WordPress info/warning/error boxes

In a number of posts I use some custom CSS styles to highlight sections of the text containing information, warnings, etc.  These are easy to achieve within WordPress by uploading a few images and adding a section of CSS code to your template’sstyle.css file as described below.

Here's an example of how the "info" style looks once you have completed the simple steps in this post:

Lorem Ipsum is simply dummy text of the printing and typesetting industry. Lorem Ipsum has been the industry's standard dummy text ever since the 1500s, when an unknown printer took a galley of type and scrambled it to make a type specimen book. It has survived not only five centuries, but also the leap into electronic typesetting, remaining essentially unchanged.


Uploading the images

The first step is to upload the following four images to your WordPress site. Start by downloading each of them to your hard drive (right click on each and select "save image as").

   
Now select "Media > Add" from the WordPress menu and upload the saved images to your site. Once they have been uploaded, click on the "show" link next to each of the images and make a note of the File URL shown for each one:


Add the CSS to your site

Select  "Appearance > Editor" from the WordPress menu. By default the file loaded into the editor should be style.css (the filename being edited is shown under the title). If this is not the case then select style.css from the list of files on the right hand side of the page (near the bottom).

Add the following CSS to the bottom of the file, changing the URLs to the correct ones for your site, and then click "Update File".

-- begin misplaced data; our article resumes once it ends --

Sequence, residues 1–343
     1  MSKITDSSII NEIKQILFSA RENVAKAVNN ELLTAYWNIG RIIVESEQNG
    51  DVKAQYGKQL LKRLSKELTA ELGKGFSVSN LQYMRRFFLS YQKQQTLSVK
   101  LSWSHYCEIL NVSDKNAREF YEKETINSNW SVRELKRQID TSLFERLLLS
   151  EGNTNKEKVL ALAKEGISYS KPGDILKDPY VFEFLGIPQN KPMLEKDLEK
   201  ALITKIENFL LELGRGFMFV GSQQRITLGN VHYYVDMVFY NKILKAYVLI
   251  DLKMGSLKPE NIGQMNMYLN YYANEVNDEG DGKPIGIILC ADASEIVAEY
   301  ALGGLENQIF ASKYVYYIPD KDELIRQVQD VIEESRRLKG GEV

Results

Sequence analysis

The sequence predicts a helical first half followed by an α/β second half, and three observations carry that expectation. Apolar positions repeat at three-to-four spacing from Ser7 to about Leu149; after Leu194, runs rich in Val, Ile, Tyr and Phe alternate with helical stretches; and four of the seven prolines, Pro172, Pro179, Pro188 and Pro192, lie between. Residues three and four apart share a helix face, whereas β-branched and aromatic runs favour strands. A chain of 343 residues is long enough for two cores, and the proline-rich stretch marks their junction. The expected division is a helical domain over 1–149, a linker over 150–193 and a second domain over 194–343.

.info, .success, .warning, .error, .console {
    border: 1px solid;
    margin: 10px 0px;
    padding:15px 10px 15px 50px;
    background-repeat: no-repeat;
    background-position: 10px 10px;
}
.info {
    color: #00529B;
    background-color: #BDE5F8;
    background-image: url('/wp-content/uploads/2012/07/info.png');
}
.success {
    color: #4F8A10;
    background-color: #DFF2BF;
    background-image:url('/wp-content/uploads/2012/07/success.png');
}
.warning {
    color: #9F6000;
    background-color: #FEEFB3;
    background-image: url('/wp-content/uploads/2012/07/warning.png');
}
.error {
    color: #D8000C;
    background-color: #FFBABA;
    background-image: url('/wp-content/uploads/2012/07/error.png');
}

For those using LESS CSS you can use the following, more compact version instead:

.hl_img_box(@fg_col, @bg_col, @img) {
    color:               @fg_col;
    background-color:    @bg_col;
    border:              1px solid;
    background-image:    url(@img);
    margin:              10px 0px;
    padding:             15px 10px 15px 50px;
    background-repeat:   no-repeat;
    background-position: 10px 10px;
}

.info   {.hl_img_box(#00529B,#BDE5F8,'/wp-content/uploads/2012/07/info.png');}
.success{.hl_img_box(#4F8A10,#DFF2BF,'/wp-content/uploads/2012/07/success.png');}
.warning{.hl_img_box(#9F6000,#FEEFB3,'/wp-content/uploads/2012/07/warning.png');}
.error  {.hl_img_box(#D8000C,#FFBABA,'/wp-content/uploads/2012/07/error.png');}

Unfortunately, if your theme is updated or you change your site to use a different theme then these changes will be lost and you will have to re-add the CSS to style.css again. Note that some themes do provide an option for you to enter your own custom CSS entries so that they do not get lost when the theme is updated. If your theme allows it, then this is preferable to updating style.css file.

Using the styles

Now everything is in place you can use these styles throughout your site. Whenever you want to include some content within one of the box styles, switch to the HTML view in the post editor and wrap your content with a DIV of the type you want ("info", "success", "warning" or "error") like so:

<div class="warning">
Objects in the rear view mirror may appear closer than they are.
</div>
Objects in the rear view mirror may appear closer than they are.